The damage to his trophies were simply the cherry on top of a long list of reasons why Daly never found a soft spot in his heart for Long. It takes more than that to develop the strong feelings he willingly shared without hesitation.

"Jeff Long was the worst thing that ever happened to the University of Arkansas," Daly said. "I'm sorry. He sucked and he was a jerk."

It was the first of six times Daly referred to Long as a jerk in a four minute span. And he didn't limit his perception just to Long's time at Arkansas.

"He's the worst athletic director that ever came to Arkansas and the worst one that ever went to Pittsburgh, the worst one that ever went to Michigan State, and then he goes to Kansas and tries to fire the basketball coach," Daly said. "Tried to get rid of the basketball coach that's getting paid more than any basketball coach – well, maybe [Arkansas coach John Calipari] is now – but he just was mean. He didn't like alumni."

David Bazzel, a Razorbacks legend himself who was conducting the interview, referenced a conversation with former Arkansas communications director Rick Schaeffer that showed there were issues with Long from the beginning.

"[Schaeffer said] it was not a pleasant transition from Frank to Jeff, and that Jeff never communicated effectively with Frank," Bazzel said. "It was just a tense situation, and he didn't feel comfortable with following the legacy of Frank, and that there were tensions there right off the bat.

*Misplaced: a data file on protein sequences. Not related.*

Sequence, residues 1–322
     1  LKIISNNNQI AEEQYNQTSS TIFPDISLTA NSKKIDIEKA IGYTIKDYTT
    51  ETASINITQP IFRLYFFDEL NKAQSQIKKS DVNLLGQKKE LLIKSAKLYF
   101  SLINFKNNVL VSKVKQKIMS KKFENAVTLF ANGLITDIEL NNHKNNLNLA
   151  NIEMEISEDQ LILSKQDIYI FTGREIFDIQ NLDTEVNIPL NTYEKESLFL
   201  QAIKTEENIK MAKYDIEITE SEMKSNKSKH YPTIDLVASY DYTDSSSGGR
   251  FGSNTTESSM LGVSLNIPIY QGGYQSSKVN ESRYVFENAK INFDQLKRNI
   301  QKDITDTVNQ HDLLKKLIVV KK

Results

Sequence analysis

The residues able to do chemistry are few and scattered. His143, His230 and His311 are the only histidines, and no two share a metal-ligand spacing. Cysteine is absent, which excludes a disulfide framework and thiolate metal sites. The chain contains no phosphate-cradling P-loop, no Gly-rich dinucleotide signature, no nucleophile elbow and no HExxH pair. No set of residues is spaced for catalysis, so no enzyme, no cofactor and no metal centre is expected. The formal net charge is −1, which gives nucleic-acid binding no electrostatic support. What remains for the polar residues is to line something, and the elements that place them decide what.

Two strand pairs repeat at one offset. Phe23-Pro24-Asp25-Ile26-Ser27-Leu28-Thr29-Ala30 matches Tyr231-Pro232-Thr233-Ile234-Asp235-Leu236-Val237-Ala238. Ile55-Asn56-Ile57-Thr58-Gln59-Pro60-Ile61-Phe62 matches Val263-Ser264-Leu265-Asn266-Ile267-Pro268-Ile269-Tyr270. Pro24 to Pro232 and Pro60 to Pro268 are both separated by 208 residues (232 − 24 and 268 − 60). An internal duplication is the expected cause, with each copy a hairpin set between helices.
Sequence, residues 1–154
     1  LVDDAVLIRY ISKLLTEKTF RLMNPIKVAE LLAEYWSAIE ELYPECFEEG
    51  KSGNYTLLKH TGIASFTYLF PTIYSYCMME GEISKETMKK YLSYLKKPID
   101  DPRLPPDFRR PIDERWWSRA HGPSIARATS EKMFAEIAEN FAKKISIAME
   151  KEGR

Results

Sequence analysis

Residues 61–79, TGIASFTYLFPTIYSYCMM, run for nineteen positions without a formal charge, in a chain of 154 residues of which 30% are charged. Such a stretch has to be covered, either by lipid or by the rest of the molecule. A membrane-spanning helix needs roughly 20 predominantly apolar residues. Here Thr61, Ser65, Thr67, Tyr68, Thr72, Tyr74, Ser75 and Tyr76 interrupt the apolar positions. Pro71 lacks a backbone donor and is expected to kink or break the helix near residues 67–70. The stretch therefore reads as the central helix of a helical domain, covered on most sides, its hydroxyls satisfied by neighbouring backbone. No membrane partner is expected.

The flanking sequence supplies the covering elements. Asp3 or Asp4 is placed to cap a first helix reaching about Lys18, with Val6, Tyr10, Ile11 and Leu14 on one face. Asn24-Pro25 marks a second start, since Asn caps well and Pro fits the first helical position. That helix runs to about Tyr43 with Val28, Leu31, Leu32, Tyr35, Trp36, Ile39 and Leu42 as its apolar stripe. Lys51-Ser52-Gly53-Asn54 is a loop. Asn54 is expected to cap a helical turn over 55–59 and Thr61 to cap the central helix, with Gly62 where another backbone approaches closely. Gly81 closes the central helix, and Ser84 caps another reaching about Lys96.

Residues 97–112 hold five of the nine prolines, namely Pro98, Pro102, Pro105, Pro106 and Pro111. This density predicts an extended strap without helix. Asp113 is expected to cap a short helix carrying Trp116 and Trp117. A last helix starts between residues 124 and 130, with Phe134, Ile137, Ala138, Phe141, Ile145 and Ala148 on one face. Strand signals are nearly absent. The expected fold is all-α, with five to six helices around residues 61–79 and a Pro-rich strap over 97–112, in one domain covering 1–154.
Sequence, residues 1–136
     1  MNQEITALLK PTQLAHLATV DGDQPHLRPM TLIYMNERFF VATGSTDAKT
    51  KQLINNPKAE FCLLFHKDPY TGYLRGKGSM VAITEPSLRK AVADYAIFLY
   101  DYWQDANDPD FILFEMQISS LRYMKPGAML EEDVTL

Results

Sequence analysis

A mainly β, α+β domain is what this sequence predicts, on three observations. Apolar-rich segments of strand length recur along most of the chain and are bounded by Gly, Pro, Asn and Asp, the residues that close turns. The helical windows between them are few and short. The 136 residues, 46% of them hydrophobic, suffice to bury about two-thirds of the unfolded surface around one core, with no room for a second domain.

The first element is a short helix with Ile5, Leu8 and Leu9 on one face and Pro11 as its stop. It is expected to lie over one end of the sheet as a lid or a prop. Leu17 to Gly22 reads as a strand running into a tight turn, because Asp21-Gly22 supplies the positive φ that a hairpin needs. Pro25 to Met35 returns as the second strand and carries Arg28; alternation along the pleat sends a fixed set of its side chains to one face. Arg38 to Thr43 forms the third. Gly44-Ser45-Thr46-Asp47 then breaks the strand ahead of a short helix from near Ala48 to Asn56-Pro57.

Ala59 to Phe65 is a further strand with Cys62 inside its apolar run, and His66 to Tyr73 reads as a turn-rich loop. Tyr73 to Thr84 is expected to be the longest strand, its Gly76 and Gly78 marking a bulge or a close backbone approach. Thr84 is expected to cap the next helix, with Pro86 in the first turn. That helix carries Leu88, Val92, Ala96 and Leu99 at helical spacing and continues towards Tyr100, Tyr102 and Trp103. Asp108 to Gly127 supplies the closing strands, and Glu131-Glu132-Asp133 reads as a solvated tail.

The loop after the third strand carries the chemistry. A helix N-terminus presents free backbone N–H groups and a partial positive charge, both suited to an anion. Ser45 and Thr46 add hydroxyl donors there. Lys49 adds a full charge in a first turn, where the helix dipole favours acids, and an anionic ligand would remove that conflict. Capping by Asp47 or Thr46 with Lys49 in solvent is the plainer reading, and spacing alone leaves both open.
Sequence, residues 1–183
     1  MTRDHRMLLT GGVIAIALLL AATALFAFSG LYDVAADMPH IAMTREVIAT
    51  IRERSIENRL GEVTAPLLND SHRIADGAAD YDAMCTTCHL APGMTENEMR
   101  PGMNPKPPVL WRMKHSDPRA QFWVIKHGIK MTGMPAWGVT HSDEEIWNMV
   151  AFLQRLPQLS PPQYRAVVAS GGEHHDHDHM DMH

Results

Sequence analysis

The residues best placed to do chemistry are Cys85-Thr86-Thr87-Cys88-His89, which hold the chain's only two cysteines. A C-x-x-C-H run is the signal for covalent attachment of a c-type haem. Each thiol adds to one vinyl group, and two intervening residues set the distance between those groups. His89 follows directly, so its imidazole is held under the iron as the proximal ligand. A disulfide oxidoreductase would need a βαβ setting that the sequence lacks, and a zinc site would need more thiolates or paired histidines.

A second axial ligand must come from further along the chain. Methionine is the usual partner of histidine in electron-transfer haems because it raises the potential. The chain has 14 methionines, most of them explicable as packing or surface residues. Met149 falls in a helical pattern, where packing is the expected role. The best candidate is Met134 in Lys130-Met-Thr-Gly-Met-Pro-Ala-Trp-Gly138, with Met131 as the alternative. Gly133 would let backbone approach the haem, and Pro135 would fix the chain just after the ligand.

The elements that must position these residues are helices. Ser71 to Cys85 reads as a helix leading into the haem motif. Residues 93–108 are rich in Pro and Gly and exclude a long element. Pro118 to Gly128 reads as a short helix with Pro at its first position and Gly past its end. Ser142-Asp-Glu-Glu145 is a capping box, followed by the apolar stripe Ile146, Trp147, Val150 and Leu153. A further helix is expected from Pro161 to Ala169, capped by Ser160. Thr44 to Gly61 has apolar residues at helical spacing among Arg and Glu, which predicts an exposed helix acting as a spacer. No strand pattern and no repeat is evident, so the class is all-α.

Daly had serious contention with how out of touch he felt Long was with the people of Arkansas. One particular sore point was one that made general fans see Long in a negative light without knowing much of what was going on behind the scenes.

"You know, when he was there, he made our stadium Pepsi," Daly said. "Who in the hell drinks Pepsi in Arkansas?"

While there are always incidents of adults trying to smuggle in alcohol to Razorbacks games over the years, Daly painted a picture of desperate boys and girls trying to find creative ways to get past security with Coca-Cola products.

"All the time that he was there, the most things that kids smuggled in were Diet Coke and Coca-Cola," Daly said. "You're gonna make a kid take a Diet Coke and a Coca-Cola out of his boot or or her purse or his jeans or whatever? Oh my God, it's like a crime. Somebody brought Coke and Diet coke to the University of Arkansas football stadium."

The trophies now travel with Daly in his bus where they can receive proper care and respect. Still, they serve as a constant reminder of an AD who once had no use for them nor the man who brought attention to the Arkansas program by winning them.

"All I know is thank God we got [current athletics director] Hunter Yurachek," Daly said. "That's all I could say. I love him. He's unbelievable for our program."

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Kent Smith

KENT SMITH

Kent Smith has been in the world of media and film for nearly 30 years. From Nolan Richardson's final seasons, former Razorback quarterback Clint Stoerner trying to throw to anyone and anything in the blazing heat of Cowboys training camp in Wichita Falls, the first high school and college games after 9/11, to Troy Aikman's retirement and Alex Rodriguez's signing of his quarter billion dollar contract, Smith has been there to report on some of the region's biggest moments.